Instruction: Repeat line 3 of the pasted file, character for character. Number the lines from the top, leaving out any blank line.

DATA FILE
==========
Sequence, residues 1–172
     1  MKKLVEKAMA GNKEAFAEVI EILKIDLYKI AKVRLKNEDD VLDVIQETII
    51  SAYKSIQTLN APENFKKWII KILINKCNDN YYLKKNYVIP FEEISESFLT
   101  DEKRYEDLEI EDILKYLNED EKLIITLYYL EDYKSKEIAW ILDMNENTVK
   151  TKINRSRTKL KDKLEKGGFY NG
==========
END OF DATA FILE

    51  SAYKSIQTLN APENFKKWII KILINKCNDN YYLKKNYVIP FEEISESFLT